Last Summer I found an amazing set of bunkers and gun emplacements on an island of the Dutch coast. Although a foot note in a side theater of the main conflict, the island of Texel (pronounced “Tessel”) was the scene of a vicious battle which earned it a few dubious – and grim –

distinctions …

1 Comment

Filed under Denmark, Europe, Germans, History, Military, military history, Netherlands, Travel, World War II, Writing

Luderitz, Namibia: Fossilized Colonialism

Namibia Road Trip – Days #8 and 9: Luderitz

Luderitz Bucht

Luderitz Harbor – note the Germanic weather vane

Luderitz surprised almost as much as Swakopmund did, but for converse reasons. Whereas Swakopmund surprised me with its dominant German culture, Luderitz surprised me for its lack thereof.

I mean just look at the name: Luderitz. Can you get any more German than that? A look at a street map and all the names were German. I even found a Goeringstrasse! (Although I learned after we’d departed that this street fortunately referred to a former Commissioner of Southwest Africa, and not the mad Chief of Hitler’s Air Forces.) Naming a street after the prominent Nazi was such an act of defiance I simply assumed that Ludertiz would absolutely totally overshadow Swakopmund with its Teutonic swagger.

Wrong again.

The road to Luderitz was yet another strip of bulky black asphalt laid across a strip of lifeless white. To one side was the Namib Desert, to the other, the Restricted Diamond Area (“Sperrgebiet”). The only sign of life was the occasional ostrich or wild horse. The desert disappeared and the road then wound its way through a craggy, harsh terrain. The asphalt disappeared under skeins of sand slithering across the road. Strong gusts of wind beat at our truck. I could best compare the site to a harsh moon, or better yet, the lifeless planet LV-426 from my favorite flick. I know it sounds overly dramatic (or nerdy) to compare an African climate to a science fiction film, but I’m absolutely on the level when I say it was the spitting image, right down to the howling winds.

Rather than arriving at well manicured homes as in Swakopmund, we drove past a township situated on a barren hill. There were no municipal gardens, no orderly grid of streets. Unlike the Swakopmunders, the Luderitzers had never never been able to beat the grounds into a with the sense of order I’m sure they desired. Rough moon rock jutted out everywhere, reminding the locals just how tenuous a grip their civilization had there.

Luderitz slum

A not-so-Tuetonic Luderitz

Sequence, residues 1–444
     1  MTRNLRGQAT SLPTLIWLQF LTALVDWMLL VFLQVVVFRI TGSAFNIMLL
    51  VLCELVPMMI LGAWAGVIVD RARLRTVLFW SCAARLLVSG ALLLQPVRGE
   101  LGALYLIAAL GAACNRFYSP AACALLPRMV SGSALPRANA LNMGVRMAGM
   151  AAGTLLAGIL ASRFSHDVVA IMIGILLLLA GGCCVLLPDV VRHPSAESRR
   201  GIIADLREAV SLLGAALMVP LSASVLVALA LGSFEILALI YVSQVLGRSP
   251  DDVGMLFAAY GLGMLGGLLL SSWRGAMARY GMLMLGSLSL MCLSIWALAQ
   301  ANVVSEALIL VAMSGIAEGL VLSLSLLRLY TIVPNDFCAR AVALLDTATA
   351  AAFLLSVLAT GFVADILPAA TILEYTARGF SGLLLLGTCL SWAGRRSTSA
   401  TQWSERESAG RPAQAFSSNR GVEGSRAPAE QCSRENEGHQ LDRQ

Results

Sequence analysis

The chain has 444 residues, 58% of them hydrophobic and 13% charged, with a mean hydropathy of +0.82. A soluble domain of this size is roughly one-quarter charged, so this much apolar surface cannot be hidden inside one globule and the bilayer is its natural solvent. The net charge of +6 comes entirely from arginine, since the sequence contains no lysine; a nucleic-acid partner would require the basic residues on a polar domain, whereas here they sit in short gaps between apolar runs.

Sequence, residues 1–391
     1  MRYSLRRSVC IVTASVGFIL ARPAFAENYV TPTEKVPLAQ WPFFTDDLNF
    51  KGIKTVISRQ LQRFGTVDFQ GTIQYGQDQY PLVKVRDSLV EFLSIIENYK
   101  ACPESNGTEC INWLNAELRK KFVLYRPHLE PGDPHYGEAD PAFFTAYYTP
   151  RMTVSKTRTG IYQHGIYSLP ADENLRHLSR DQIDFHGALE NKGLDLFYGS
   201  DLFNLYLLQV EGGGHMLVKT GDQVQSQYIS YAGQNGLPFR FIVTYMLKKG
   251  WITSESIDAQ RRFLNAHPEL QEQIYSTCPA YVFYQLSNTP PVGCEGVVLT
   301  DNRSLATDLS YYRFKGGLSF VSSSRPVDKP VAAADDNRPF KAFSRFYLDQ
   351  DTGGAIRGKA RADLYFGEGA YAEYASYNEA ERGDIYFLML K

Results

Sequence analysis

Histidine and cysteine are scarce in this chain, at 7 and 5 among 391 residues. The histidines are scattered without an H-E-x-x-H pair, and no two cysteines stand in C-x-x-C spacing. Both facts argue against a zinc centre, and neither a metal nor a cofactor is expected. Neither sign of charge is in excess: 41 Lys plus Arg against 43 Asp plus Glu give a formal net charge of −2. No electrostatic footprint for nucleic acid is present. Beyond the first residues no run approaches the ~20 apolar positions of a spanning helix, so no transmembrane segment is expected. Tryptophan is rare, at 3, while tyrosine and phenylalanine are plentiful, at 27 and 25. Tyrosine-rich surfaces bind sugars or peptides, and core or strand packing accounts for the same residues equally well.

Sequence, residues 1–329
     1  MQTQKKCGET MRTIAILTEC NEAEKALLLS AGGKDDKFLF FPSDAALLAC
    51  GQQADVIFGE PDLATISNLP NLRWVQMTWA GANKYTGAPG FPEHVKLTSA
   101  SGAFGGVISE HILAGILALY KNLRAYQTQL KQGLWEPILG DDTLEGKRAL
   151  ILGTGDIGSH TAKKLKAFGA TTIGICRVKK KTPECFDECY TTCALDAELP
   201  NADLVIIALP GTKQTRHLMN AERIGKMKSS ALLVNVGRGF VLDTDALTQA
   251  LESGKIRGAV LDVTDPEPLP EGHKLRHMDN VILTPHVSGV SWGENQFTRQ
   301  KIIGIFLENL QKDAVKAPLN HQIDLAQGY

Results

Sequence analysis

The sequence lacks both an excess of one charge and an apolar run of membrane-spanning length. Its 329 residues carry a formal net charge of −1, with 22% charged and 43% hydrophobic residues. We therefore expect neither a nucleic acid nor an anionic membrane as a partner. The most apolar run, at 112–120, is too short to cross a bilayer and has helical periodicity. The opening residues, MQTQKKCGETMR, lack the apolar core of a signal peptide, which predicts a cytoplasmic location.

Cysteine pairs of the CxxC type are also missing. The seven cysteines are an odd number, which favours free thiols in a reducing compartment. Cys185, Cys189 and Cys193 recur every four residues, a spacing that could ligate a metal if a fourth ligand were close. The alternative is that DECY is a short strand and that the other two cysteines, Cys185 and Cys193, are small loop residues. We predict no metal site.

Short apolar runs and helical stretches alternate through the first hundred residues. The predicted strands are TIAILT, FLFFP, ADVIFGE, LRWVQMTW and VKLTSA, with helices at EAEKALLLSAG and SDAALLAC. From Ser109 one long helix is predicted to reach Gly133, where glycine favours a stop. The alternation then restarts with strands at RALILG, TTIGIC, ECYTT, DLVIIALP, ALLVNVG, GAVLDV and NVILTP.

Our accommodation was a German guest house. We navigated through sand streets (no paving here) and found the home ensconced behind high walls capped with cast iron fencing crowned with spikes. On all sides were “non-German” residents who didn’t bother with such extreme security measures (although they all had bars on their windows too).

Our host was a real, fifth generation Suedwester originally from Windhoek. He was a jovial chap and quite comfortable conversing in German (accent-free, of course), Afrikaans, or English. His wife greeted us in German; she spoke little English and no Afrikaans. (She was actually a German immigrant.) I couldn’t imagine how solitary her life was being unable to speak to anyone outside of their little enclave.

As if to underscore her solitude and helplessness, the neighbors across the street began to blast some awful Whitney Houston music from a parked car. I could see in her eyes the desire to whip out her Gesetzbuch and lob it across the street. But she had no power there. They had no power there.

Hard to believe that a steamship company once ran a regular route between Hamburg and Luderitz.

“Ja, it’s the end of the month,” she lamented, “and they tend to get very rowdy. You must be very careful if you plan on walking around tonight.”

They?

Our expectations of an orderly and Germanic Luderitz were further shattered when we visited the supermarket the next day. Back in Swakopmund, their Super Spar was as big as any supermarket in the US; the sparkling aisles in could easily accommodate three carts side-by-side piloted by enormously posteriored housewives – without their sweatpants even brushing. Swakopmund even featured a bakery, deli counter, butcher, and snack bar.